Saturday, June 27, 2009

Paris - Day 2

Saturday morning we hauled ourselves out of bed at a reasonable hour, had our usual quick breakfast, and then walked in the cool air over to the Tuileries. I had never explored the gardens before, and I found myself underwhelmed--I'm not quite sure what I expected. They're pretty but something of a disappointment after the grandeur of Central Park, Golden Gate Park, or even various London parks, such as Kensington or Hyde Park.

We planned originally to spend the morning at the Musée de l'Orangerie but were sidetracked by the prospect of a special exhibition on Mount Athos at the Petit Palais. I'm very glad we took the detour. This is the first time these religious artifacts have left Greece. The exhibit was a surprise in several respects. First, we marveled at the excellent condition of the objects, especially the fine vestments that gleam with undiminished lustre. Perhaps the French government restored the artifacts as part of a deal struck with the monastery; perhaps they have never seen the light of day. Whatever the reason, everything was in fabulous shape. Second, I was struck by the difference between Greek and Russian icons. I have seen numerous icons on my trips to Russia with Rod, but they have neither the color nor complexity of these extraordinary works. The Greek monks seemingly possess an artistry and technique that renders their Eastern European counterparts primitive by comparison. And, finally, I was taken by the aerial photographs of Mount Athos and the sheer expanse of the monasteries, which are larger and more complex than I expected. Of course, being a woman, I will never see them.

Around 2.00 we walked over to Angelina's, a tea room and restaurant recommended to us last night by Australians here at our hotel. I ordered a salad with smoked salmon and vegetables. After all the elaborate food on the QMII, I can't bare to look at anything cooked right now. Rod had a superb cod served over chopped squash. We did on the advice of our acquaintances order dessert, which was unbelievably wonderful--the sort of pastry one simply does not get in the U.S. unless you're lucky enough to find a Michel Richard or a Boucheron. Rod had a flaky, light pastry filled with excellent custard; I ordered a confection that was essentially coffee-flavored brioche filled with coffee custard and topped with a thin crunchy layer of caramel. Neither one was sweet and both were divine. We fully intend to return.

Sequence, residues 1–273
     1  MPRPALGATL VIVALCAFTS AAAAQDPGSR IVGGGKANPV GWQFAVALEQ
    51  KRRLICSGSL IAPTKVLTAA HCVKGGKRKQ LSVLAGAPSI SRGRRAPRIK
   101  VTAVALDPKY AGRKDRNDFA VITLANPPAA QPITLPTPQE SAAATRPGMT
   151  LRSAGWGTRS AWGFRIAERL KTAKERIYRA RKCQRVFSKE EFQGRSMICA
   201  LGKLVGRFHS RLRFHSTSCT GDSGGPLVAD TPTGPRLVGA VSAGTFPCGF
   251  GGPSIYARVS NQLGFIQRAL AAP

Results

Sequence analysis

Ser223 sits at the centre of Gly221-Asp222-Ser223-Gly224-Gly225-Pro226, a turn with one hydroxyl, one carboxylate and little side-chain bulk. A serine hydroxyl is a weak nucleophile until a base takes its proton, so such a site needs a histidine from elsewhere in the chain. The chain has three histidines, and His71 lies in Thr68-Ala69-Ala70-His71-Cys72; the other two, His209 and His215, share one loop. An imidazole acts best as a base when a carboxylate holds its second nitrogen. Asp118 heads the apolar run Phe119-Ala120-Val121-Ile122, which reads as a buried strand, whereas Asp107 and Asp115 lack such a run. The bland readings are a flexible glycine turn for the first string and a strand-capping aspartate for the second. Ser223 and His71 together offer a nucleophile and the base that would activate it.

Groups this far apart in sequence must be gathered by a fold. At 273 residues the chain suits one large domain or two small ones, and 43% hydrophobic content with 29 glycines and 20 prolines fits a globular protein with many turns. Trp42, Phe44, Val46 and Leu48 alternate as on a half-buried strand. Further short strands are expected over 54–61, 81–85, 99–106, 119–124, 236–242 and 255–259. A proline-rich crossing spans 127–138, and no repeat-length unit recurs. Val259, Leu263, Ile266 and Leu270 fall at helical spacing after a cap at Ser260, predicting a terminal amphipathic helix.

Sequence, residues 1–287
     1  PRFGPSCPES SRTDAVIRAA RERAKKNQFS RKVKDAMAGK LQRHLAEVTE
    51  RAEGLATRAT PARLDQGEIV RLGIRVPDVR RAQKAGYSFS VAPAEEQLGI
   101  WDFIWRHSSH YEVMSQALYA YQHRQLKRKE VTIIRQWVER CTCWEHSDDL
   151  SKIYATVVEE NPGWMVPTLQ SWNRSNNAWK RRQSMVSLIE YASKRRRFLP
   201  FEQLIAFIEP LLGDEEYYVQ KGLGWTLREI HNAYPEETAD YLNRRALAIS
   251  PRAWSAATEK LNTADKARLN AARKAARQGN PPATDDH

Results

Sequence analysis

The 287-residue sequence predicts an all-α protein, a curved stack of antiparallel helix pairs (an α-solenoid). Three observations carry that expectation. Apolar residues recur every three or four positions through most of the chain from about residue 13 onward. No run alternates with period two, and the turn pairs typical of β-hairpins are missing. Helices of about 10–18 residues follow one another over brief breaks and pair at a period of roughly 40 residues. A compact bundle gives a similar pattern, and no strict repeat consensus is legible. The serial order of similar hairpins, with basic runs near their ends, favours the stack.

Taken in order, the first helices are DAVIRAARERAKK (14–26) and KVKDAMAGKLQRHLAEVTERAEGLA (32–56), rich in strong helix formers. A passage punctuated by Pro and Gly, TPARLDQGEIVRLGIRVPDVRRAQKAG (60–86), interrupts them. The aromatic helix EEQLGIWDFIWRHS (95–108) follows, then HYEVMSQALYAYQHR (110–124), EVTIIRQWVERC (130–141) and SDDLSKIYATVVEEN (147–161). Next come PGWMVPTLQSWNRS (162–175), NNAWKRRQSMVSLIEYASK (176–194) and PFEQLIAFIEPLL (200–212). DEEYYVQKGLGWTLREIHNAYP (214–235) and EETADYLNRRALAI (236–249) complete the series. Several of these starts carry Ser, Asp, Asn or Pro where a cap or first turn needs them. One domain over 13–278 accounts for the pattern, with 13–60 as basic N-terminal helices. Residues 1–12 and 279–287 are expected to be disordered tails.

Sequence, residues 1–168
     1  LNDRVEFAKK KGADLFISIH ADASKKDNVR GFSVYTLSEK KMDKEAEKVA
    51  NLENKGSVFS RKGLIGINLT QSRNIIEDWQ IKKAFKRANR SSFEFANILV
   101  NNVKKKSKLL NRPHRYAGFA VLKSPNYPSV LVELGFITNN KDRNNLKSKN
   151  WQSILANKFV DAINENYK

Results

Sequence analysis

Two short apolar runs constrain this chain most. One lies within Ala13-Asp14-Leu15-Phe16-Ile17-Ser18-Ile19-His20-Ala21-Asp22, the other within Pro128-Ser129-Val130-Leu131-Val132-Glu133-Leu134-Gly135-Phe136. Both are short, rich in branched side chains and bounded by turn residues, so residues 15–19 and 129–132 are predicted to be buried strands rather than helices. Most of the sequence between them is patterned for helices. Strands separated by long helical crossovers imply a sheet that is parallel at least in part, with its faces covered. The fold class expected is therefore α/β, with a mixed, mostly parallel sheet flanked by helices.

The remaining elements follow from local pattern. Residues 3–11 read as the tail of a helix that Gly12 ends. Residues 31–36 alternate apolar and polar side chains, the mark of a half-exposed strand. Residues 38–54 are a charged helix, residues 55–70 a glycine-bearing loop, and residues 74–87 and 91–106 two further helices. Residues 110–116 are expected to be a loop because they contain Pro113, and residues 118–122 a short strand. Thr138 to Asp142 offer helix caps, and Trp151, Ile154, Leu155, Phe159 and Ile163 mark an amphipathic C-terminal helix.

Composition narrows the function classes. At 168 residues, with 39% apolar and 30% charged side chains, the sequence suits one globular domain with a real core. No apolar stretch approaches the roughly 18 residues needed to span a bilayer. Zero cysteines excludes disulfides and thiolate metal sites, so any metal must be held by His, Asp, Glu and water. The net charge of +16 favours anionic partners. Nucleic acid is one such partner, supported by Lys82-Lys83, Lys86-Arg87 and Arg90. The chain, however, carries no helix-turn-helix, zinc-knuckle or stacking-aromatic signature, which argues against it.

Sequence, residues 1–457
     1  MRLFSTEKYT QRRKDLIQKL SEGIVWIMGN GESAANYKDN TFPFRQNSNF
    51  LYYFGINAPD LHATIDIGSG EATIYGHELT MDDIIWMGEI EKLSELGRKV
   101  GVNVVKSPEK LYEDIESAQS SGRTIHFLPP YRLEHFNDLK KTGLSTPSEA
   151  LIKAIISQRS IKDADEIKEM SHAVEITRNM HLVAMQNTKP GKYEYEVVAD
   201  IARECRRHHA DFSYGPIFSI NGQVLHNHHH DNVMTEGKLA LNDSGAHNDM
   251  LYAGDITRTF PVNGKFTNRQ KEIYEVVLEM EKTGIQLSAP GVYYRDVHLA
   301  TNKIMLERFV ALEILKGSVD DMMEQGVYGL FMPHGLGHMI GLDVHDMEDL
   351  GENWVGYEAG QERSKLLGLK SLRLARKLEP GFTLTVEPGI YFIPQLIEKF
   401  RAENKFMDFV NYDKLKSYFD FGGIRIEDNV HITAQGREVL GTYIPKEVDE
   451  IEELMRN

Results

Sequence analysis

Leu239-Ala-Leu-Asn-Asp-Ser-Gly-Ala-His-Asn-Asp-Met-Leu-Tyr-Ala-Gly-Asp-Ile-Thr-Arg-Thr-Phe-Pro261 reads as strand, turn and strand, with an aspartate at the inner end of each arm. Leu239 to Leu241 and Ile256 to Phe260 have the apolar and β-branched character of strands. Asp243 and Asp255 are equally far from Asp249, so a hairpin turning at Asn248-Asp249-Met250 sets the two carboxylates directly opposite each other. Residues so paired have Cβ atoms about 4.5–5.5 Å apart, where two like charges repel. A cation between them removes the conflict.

Back in the 7th, we stopped at the Musée National Rodin, which is literally on the way to our hotel. Rodin lived in this building, what the French call a hôtel particulier, during the last years of his life (I believe the poet Rilke lived there too for a while). The building is shabby and rather sad. Rooms are not climate controlled and light beats down on paintings, several already ruined. The collection inside is mixed: a lot of plaster heads and figures by Rodin, basically rough versions of works he would eventually cast in bronze. I must admit to preferring many of the heads by his mistress, Camille Claudel, which are finer and more expressive. Outside in the lovely garden, though, is where one sees the magnificent bronzes and sculptures for which Rodin is known: the Thinker (overrated to my mind); the Gates of Hell (astonishing); and the Burghers of Calais (moving). I like Rodin best when he translates narrative to three-dimensional form: his interpretations of Dante are unsurpassed. I like less the endless nudes melting into stone (or emerging from stone, depending on your perspective), and I tired quickly of the infinite variations on The Kiss. While it's pleasant to gaze upon youthful flesh captured in ardent embrace, one can see it only so many times.

Now we are back at our hotel, resting and relaxing. Tonight we're heading out to a jazz club to hear a French singer who supposedly excels at a variety of genres.

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